There are a number of such uses for activated carbons from the removal of coloured compounds present as impurities in the products of a chemical reaction to the purification of gases prior to discharge to the atmosphere. However, there are a number of problems inherent in the use of wood as a raw material to produce directly a chemically activated pelletised granular form.

The hollow fibrous structure of wood is such that it is impossible to produce a high density granular activated carbon from a wood flour raw material. The wood also lacks a natural binding agent, such as lignin, in sufficiently large quantities and an additional binding agent would have to be introduced in the production of the activated carbon to prevent the breakdown of the particle structure of the granular carbon during processing.

The cellular structure of wood is such that the granular activated carbon produced from it is capable of adsorbing a maximum of 6-7g of impurities/100ml of activated carbon due to its low density. This is below the figure required for a number of applications of activated carbon.

This is not of great importance in a powder liquid phase application as there is normally no strict limit on the volume of activated carbon which can be used.

However, as previously discussed in the case of granular applications, there is an upper limit on the volume of activated carbon which can be used. Consequently, if the granular activated carbon is to be able to perform effectively then the volumetric adsorption factor (g/100ml) must be increased substantially by increase in the product density.

Therefore, the introduction of a method of producing a more efficient activated carbon would be extremely advantageous.

SUMMARY OF THE INVENTION

According to the present invention there is provided a method of producing activated carbon in which the starting material is a young carbonaceous vegetable product.

Preferably, the young carbonaceous vegetable product has a high concentration of natural binding agent, for example greater than 30% by weight.

Nut shell, fruit stone and kernel, and in particular, olive stone, almond shell and coconut shell are especially useful and contain high levels of natural binding agents, for example, lignin.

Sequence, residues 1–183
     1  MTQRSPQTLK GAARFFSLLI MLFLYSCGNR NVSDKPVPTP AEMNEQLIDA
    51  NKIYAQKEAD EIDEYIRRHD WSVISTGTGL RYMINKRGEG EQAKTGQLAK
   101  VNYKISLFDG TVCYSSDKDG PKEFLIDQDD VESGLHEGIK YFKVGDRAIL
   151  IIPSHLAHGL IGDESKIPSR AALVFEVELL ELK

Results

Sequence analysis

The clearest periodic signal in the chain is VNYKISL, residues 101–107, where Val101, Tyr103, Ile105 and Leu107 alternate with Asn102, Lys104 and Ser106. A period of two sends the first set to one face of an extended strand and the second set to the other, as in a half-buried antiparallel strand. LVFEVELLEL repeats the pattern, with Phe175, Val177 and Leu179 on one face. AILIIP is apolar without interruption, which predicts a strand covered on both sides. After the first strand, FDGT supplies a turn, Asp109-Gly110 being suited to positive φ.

These materials, when ground to a particle size of 2-5mm as normally used with the chemical activation process, are incapable of absorbing sufficient quantities of the activation chemical and produce inferior quality activated carbon. However, by careful milling and classification, a particle size distribution results which not only allows absorption of sufficient activation chemical but also maximises the density of the resulting carbonised product.

Preferably, the starting material is comminuted to form particles of a mean particle size greater than 30μm and less than 60μm. The most preferable mean particle size being 40μm.

Preferably, the particles are treated with an activation chemical which impregnates the particles.

Preferably, the treated particles are mixed in a mechanical mixer.

Preferably, the activation chemical is phosphoric acid.

Preferably, the said phosphoric acid is 60-80% ortho phosphoric acid and is added to the particles in a weight ratio of between 1.0:1 and 1.8:1 respectively and preferably a ratio of 1.4:1.

Alternatively, the activation chemical may be zinc chloride solution.

Preferably, the treated particles of starting material are pelletised by a rotary pelletiser.

Preferably, the pellets undergo heat treatment to remove water and other volatile constituents present in the pellets to consolidate the granular nature.

Preferably, the heat treatment comprises heating at a temperature of approximately 120° C. for a duration of between 10 and 40 minutes.

Preferably, the heat treated pellets are carbonised thus producing activated carbon.

Most preferably, the said pellets are carbonised at a temperature between 400° C. and 500° C. for a duration of between 15 minutes and 20 minutes.

Preferably, the remaining activation chemical is washed from the pellets and recycled for repeated use.

Preferably, the pellets of activated carbon are dried.

Further according to the present invention there is provided activated carbon produced by the method of the invention.

BRIEF DESCRIPTION OF THE DRAWING

An embodiment of the present invention will now be described, by way of example, with reference to the accompanying drawing in which:

FIG. 1 is a flow chart of the steps involved in a method of producing activated carbon in accordance with the present invention.

DESCRIPTION OF PREFERRED EMBODIMENTS

As a starting material there is selected a young carbonaceous vegetable product which is high in natural binding agents. The binding agent is lignin and starting materials having a concentration greater than 30% by weight are suitable. One such starting material is olive stones which have a concentration of over 36% lignin by weight. Other starting materials which have a lignin concentration of greater than 30% are almond shell at 30.7% and coconut shell at 34.3%. The embodiment hereafter described relate to the use of olive stones.